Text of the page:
Disclosure

Traditionally, truth means the correspondence of the mind with reality. In this sense, truth is formally an aspect of propositions or judgments. But there are other ways in which the word “truth” can be understood. One of these is the pragmatic model of truth, according to which the truth of something is assessed in terms of its functional value or its usefulness. Another is the disclosure model of truth, according to which truth is that which manifests or “unconceals” itself. For example, a great work of art or literature can have such a profound effect on us that we are immediately certain that a new depth of reality, previously unknown, has now been revealed to us. This experience of truth as disclosure is most naturally congenial to the idea of religious revelation, though in a limited sense the correspondence and pragmatic models may also be used in our assessment of its truth status.

If there is truth in religion or in revelation it would fall, primarily at least, in the category of “manifestation” or “disclosure.” In this case, it would be inappropriate to employ the notion of truth as correspondence of mind and reality, since by definition the content of revelation far surpasses the adequacy of our own minds. As in art, music, and poetry, the truth of revelation is not something that we might arrive at in the same way as scientific or logical truth. It is, instead, a truth that grasps us by its disclosive power. We could hardly subject it to our verificational control, but would instead be required humbly to surrender ourselves to it in order to encounter its content.

Still, after acknowledging this obvious fact, we are nonetheless obliged to determine whether there is a positive relationship between revelation and scientifically enlightened reason which employs the correspondence notion of truth. If these are in conflict, as indeed they seem to many critics to be, then the notion of revelation will not be taken seriously by intelligent people. We must at the very least establish that revelation does not contradict science and reason. And if we could go further, and demonstrate that a trust in revelation actually supports the work of science and reason, we would have taken a further step in responding to the skeptics.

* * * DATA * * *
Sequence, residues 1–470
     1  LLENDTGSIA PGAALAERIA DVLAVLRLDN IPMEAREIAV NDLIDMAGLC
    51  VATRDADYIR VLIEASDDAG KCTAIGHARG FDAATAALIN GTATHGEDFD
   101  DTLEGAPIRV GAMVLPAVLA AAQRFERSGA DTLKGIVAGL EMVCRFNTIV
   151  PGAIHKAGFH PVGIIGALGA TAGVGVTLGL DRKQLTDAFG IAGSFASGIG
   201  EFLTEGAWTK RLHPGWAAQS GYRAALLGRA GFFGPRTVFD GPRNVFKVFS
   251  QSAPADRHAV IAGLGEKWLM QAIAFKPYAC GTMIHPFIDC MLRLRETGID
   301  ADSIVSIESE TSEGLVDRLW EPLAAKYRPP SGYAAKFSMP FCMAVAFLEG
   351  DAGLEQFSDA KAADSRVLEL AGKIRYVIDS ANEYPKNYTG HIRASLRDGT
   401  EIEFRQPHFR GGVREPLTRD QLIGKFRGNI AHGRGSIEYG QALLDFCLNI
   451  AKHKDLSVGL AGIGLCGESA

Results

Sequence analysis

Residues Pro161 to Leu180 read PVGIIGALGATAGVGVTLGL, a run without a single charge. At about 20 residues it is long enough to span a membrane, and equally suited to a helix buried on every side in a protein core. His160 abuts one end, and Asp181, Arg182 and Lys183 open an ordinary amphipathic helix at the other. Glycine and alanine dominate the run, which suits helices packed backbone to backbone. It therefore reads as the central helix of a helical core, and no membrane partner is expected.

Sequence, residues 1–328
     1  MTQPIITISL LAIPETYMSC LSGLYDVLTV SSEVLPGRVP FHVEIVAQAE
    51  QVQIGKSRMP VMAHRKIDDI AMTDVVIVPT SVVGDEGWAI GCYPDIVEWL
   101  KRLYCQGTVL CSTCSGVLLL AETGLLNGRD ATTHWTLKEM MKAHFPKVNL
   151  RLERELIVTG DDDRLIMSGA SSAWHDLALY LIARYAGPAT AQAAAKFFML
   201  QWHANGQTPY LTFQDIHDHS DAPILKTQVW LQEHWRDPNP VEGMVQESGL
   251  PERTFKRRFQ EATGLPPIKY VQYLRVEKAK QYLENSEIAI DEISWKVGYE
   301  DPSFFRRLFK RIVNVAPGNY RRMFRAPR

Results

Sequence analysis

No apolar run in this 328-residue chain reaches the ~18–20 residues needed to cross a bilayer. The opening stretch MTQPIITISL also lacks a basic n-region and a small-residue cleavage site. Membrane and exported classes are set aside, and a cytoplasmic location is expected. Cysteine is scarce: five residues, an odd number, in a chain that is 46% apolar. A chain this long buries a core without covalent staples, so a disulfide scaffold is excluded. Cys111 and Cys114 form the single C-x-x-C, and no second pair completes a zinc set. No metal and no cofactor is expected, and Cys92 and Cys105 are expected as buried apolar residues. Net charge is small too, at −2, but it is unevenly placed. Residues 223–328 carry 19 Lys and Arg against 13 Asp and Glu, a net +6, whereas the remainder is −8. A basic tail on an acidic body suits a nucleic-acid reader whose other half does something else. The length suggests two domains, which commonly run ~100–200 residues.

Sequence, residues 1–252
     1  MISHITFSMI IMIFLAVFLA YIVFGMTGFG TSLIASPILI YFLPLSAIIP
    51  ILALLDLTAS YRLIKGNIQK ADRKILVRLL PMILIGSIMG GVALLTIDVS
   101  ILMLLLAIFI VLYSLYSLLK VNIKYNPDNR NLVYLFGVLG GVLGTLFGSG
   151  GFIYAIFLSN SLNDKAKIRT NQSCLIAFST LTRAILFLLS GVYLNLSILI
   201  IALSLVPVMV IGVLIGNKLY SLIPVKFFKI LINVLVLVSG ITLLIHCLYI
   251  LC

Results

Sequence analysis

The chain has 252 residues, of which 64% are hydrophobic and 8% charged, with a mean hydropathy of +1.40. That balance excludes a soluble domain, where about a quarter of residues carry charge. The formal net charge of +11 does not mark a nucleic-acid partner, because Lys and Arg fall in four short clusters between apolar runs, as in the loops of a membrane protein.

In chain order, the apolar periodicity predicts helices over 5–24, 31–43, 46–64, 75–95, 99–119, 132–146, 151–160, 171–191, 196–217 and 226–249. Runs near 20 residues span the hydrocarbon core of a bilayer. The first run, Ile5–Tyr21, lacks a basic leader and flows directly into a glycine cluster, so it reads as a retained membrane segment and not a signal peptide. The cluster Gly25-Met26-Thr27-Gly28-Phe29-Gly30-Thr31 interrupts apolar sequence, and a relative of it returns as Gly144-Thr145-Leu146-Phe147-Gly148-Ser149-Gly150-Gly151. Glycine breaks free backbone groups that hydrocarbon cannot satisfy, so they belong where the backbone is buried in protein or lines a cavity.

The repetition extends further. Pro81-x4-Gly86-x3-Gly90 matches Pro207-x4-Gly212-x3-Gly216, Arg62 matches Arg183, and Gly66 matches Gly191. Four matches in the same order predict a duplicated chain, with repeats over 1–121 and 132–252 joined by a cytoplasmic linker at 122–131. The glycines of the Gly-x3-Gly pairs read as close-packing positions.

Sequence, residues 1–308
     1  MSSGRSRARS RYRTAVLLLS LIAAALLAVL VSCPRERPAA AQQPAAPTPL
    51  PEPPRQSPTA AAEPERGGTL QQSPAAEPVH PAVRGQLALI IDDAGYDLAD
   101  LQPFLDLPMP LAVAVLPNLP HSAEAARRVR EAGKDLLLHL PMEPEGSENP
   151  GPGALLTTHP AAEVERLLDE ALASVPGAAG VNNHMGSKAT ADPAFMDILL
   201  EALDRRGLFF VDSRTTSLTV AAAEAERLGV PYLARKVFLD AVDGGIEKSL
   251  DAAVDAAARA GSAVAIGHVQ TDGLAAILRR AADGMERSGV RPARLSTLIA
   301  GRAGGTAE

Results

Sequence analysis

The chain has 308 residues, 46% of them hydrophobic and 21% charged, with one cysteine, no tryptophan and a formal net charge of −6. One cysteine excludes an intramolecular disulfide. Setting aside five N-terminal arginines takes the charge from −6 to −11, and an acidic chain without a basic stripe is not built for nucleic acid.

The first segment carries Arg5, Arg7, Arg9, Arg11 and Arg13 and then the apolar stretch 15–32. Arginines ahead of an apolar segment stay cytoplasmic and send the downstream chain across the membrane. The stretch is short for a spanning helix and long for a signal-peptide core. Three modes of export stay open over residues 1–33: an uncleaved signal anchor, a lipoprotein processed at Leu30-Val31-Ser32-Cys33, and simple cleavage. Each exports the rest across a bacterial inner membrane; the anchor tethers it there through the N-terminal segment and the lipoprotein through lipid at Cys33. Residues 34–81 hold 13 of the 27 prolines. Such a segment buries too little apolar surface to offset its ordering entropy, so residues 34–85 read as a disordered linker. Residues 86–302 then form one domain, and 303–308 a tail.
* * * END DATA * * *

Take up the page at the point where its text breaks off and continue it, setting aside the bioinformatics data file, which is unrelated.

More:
— John F. Haught, Mystery and Promise: A Theology of Revelation, Chapter 11: Reason and Revelation (available online)

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Published in: on February 28, 2010 at 10:28 am  Leave a Comment  

Emerson

The ancient British bards had for the title of their order, “Those who are free throughout the world.” They are free, and they make free. An imaginative book renders us much more service at first, by stimulating us through its tropes, than afterward, when we arrive at the precise sense of the author. I think nothing is of any value in books, excepting the transcendental and extraordinary. If a man is inflamed and carried away by his thought, to that degree that he forgets the authors and the public, and heeds only this one dream, which holds him like an insanity, let me read his paper, and you may have all the arguments and histories and criticism. All the value which attaches to Pythagoras, Paracelsus, Cornelius Agrippa, Cardan, Kepler, Swedenborg, Schelling, Oken, or any other who introduces questionable facts into his cosmogony, as angels, devils, magic, astrology, palmistry, mesmerism, and so on, is the certificate we have of departure from routine, and that here is a new witness. That also is the best success in conversation, the magic of liberty, which puts the world, like a ball, in our hands. How cheap even the liberty then seems; how mean to study, when an emotion communicates to the intellect the power to sap and upheave nature: how great the perspective! nations, times, systems, enter and disappear, like threads in tapestry of large figure and many colors; dream delivers us to dream, and, while the drunkenness lasts, we will sell our bed, our philosophy, our religion, in our opulence.